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Finding A HUD Home

US Department of Housing & Urban Development

Finding a HUD home to purchase can be confusing when you haven’t had experience in placing a bid on a HUD home. The following Google Hangout training I provided will definitely help.

It takes you through the various steps so that you can zero in on homes you might be interested in purchasing, but also outlines the various programs available through the HUD home store. For example, did you know that under special circumstances some homes will be offered to select groups at a 50% discount.

For more information, don’t hesitate to contact me. sherry.fields @ bhhsmt.com

 

16-Summary17-Resources

 

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About the author

Sherry Fields Written by Sherry Fields: Working in real estate for over 12 years, Sherry Fields is certified in Foreclosures, Short Sales and Negotiations along with many support computer platforms on the web. She has been helping her clients buy & sell homes by building relationships so that they can buy and sell with confidence. You can find her at Twitter, LinkedIn, ActiveRain Facebook and

**************************************************************************** © 2016 BHH Affiliates, LLC. Real Estate Brokerage Services are offered through the network member franchisees of BHH Affiliates, LLC. Most franchisees are independently owned and operated. Berkshire Hathaway HomeServices and the Berkshire Hathaway HomeServices symbol are registered service marks of HomeServices of America, Inc ®. Equal Housing Opportunity. Privacy Policy Sherry Fields 1020 South Ave. W., Missoula, MT 59801 | Phone: (406) 207-8448 | Email: Sherry.Fields@bhhsmt.com *******************************************************************************



2 Responses to “Finding A HUD Home”

  1. Fernando says:

    You don’t say where the property is loaectd, but Different foreclosure properties are handled differently by the bank/owners. Some require that the property be listed for sale for a minimum amount of time before reviewing ANY offers. Some will consider an offer as soon as it is submitted.For example, HUD requires 5 days (I believe) exposure to the market and then owner-occupants are given priority. If none are the *winners* then the bid is open and offers are considered daily. Fannie Mae used to require 48 hours on market before reviewing any offers. After that, all offers were considered as they were received.In both of the examples noted above, the actual offer can be submitted, but they will not be reviewed until the deadline has passed.It has been my experience that there is usually a quick response, when the bank will present a counter-offer. In the case of a “full price” offer, as you said yours is, it might take a little longer. This is because the “full price” offer still may be less than the previous owner owed on the mortgage loan. In this case, the PMI company or originating/servicing lender must agree or exercise their right to purchase for the list price. Not always, but it could happen. In this case it may be anywhere from a few days to a few weeks.My guess is that if the property you want is an area with a lot of foreclosures, you should hear back rather quickly.What does your agent say?Good luck.References : TX REALTOR Was this answer helpful?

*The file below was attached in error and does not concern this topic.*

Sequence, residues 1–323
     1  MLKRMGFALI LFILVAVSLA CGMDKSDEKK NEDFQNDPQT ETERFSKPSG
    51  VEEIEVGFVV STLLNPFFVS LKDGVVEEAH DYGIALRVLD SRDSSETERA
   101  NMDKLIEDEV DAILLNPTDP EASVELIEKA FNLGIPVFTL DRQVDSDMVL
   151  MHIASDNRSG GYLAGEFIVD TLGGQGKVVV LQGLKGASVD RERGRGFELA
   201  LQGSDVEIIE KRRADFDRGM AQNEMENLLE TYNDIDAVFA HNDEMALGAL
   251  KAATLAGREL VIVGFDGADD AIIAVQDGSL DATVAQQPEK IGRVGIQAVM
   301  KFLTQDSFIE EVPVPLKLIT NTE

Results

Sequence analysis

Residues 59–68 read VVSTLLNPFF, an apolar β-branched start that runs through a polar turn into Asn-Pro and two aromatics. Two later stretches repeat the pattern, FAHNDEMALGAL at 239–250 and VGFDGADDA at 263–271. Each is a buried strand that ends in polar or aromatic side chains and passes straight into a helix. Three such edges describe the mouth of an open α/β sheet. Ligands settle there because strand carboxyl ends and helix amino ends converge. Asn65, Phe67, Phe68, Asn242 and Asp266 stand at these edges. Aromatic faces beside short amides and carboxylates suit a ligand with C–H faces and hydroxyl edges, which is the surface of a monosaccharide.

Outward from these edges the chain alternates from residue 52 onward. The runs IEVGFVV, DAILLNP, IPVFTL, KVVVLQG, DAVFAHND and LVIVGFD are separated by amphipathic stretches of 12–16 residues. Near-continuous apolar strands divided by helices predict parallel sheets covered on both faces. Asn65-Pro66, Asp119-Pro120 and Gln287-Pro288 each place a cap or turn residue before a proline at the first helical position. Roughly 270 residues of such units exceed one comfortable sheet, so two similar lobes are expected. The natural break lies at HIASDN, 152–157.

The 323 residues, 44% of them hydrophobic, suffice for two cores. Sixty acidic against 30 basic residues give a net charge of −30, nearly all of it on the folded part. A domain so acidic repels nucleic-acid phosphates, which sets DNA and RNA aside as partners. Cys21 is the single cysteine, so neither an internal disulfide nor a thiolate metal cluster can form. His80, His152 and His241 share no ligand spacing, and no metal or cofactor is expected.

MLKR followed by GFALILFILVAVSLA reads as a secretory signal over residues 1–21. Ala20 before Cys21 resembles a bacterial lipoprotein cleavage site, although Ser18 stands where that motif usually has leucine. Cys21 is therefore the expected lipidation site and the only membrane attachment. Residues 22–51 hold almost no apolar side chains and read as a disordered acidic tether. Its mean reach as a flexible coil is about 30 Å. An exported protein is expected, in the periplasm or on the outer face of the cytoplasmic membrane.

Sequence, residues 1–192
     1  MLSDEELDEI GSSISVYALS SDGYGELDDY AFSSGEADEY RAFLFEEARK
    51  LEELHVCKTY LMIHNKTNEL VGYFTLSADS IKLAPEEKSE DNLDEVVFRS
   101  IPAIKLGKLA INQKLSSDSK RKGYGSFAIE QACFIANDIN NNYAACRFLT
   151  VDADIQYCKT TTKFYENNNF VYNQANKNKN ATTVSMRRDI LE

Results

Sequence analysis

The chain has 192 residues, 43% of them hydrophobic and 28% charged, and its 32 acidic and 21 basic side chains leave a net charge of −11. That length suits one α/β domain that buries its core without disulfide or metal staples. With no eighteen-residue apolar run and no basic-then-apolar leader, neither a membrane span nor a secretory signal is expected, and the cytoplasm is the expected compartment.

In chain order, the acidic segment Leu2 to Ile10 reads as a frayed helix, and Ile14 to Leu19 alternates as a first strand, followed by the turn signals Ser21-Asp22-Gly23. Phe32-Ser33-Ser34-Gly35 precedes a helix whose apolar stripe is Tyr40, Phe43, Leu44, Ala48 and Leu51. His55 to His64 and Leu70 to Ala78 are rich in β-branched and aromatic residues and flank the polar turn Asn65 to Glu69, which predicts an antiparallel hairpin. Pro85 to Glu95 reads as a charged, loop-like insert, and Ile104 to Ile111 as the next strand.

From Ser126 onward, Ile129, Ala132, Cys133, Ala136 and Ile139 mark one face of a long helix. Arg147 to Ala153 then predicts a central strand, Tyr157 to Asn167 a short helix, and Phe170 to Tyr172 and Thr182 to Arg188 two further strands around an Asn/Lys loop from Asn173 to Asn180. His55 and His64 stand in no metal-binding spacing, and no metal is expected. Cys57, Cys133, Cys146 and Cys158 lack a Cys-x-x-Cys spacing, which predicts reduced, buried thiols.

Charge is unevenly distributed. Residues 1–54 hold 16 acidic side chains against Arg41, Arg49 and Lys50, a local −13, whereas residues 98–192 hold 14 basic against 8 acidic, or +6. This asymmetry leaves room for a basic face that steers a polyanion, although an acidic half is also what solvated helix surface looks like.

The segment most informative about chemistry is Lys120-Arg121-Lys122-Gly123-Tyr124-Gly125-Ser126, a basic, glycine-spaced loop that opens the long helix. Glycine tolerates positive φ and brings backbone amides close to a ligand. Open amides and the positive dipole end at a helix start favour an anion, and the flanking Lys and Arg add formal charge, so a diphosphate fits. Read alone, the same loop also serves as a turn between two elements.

2. Fernado thank you for your comments, some of them absolutely do apply and are helpful. Others not so much. The property address is the title of the post, so I am not sure what you are referring to when you say I don’t mention its location.

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